It’s rare for children to have such severe cases of COVID-19, but the death of a boy under 10 announced on Saturday is another reminder to take the pandemic seriously, an emerging virus researcher says.
The boy is the youngest person in Manitoba to die from the illness to date.
“This is a very sad reminder of the reality of the situation that we’re in,” said Jason Kindrachuk, an assistant professor and Canada research chair in emerging viruses at the University of Manitoba.
“This is something we have to continue to take very seriously and we cannot lose sight of at this point in time.”
Unlike the flu, which tends to have severe outcomes among the young and the elderly, children rarely die or get very ill after contracting COVID-19, which can provide some solace to parents, Kindrachuk said.
“But when we do see that these events take place, it’s an even more tragic reminder of where we are in this pandemic. Unfortunately, we still have difficulty in trying to protect all those around us,” he said.
Although the death of a child is tragic, Kindrachuk doesn’t think it will prompt skeptics to start taking public health orders more seriously.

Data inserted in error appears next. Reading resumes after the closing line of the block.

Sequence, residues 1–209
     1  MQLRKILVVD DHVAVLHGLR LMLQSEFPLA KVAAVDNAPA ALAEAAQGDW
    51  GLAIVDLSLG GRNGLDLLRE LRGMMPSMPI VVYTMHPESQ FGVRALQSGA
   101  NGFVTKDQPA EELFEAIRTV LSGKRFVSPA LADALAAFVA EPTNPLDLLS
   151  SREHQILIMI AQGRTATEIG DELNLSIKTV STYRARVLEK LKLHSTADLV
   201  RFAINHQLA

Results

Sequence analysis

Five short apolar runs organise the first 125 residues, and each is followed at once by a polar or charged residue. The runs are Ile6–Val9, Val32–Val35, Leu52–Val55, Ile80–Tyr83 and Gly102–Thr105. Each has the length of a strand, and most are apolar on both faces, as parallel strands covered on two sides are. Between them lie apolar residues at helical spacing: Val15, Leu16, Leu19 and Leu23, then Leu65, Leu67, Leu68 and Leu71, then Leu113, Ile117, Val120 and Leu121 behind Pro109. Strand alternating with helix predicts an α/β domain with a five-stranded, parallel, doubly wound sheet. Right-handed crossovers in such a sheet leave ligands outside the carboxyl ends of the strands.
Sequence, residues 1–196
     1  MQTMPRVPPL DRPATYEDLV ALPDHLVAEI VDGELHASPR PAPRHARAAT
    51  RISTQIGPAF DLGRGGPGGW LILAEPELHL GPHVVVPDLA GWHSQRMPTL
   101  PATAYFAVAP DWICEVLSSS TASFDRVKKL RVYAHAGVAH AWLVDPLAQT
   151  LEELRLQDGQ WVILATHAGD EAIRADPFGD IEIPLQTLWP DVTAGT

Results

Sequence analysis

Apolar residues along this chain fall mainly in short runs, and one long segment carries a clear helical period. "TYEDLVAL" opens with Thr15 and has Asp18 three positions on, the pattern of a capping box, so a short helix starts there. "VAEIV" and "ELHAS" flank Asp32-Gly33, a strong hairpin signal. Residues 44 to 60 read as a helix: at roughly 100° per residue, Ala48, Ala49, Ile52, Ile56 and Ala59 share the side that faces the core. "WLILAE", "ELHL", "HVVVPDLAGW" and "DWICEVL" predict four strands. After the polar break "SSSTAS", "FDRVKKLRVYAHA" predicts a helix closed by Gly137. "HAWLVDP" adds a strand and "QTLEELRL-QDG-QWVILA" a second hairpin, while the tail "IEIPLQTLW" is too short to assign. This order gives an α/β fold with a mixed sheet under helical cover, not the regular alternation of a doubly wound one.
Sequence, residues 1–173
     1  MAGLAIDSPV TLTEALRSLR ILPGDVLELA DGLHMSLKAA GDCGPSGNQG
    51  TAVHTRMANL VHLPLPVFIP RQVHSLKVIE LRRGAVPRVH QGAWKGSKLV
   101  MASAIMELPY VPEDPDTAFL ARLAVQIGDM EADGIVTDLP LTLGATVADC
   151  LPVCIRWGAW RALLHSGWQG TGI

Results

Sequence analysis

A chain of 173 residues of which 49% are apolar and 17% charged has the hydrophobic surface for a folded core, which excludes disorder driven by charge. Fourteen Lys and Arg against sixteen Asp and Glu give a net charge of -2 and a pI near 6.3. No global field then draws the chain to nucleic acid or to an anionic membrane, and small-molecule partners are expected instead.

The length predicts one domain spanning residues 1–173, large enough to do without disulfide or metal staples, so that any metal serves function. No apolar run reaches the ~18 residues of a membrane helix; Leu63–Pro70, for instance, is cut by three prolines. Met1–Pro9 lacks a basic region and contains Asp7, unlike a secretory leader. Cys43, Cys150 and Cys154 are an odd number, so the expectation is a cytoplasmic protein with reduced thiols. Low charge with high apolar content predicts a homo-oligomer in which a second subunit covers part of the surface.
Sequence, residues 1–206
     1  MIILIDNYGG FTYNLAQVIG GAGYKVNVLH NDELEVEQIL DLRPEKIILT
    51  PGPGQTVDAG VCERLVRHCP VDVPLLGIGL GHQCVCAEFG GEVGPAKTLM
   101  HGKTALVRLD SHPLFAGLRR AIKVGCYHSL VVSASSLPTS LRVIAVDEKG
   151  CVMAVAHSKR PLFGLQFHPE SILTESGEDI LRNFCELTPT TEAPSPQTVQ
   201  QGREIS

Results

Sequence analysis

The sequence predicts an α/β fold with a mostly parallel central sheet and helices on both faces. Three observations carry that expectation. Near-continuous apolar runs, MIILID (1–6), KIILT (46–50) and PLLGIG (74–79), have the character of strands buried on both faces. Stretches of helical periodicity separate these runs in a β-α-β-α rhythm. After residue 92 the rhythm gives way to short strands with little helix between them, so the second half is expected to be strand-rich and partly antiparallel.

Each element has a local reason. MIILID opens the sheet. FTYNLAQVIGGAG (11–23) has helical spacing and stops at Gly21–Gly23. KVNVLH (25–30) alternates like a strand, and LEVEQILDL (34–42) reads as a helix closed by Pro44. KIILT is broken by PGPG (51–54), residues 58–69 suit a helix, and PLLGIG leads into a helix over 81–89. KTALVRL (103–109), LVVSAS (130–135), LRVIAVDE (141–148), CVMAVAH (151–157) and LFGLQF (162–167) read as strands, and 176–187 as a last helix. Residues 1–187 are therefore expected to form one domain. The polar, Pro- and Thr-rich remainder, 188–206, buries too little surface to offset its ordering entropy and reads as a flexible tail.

“I don’t think this is going to be the point that changes things, but I hope that for those of us that are trying to find a way through this, that maybe it provides us, again, with with the perspective that this is something we have to continue to take very seriously and that we cannot lose sight of at this point in time.”
Manitoba reported 487 new cases and 10 deaths on Saturday, and 365 new cases and 11 deaths on Sunday.
There was also a record 336 people in hospital with COVID-19, up from 327 on Saturday. Of those, 44 are in intensive care, a news release said on Sunday.
The numbers are “concerning,” Kindrachuk said, and signal that public health restrictions may need to be in place longer before case numbers and hospitalizations stabilize.
“The trouble for Manitoba as a whole is that the test positivity rate was extremely high and there was a lot of community transmission, so is there going to be enough change within that two to four week period to see a really great or substantial effect?”
“It may actually take longer.”
However, there is some good news, he said.
The test positivity rate appears to be stabilizing. The five-day test positivity rate was 13.3 per cent on Sunday, its lowest since it first reached 13 per cent on Nov. 16. It was at a record 14.8 per cent on Nov. 26.
“We’re seeing at least some indications with some of the data that perhaps there is some some light at the end of the tunnel,” Kindrachuk said.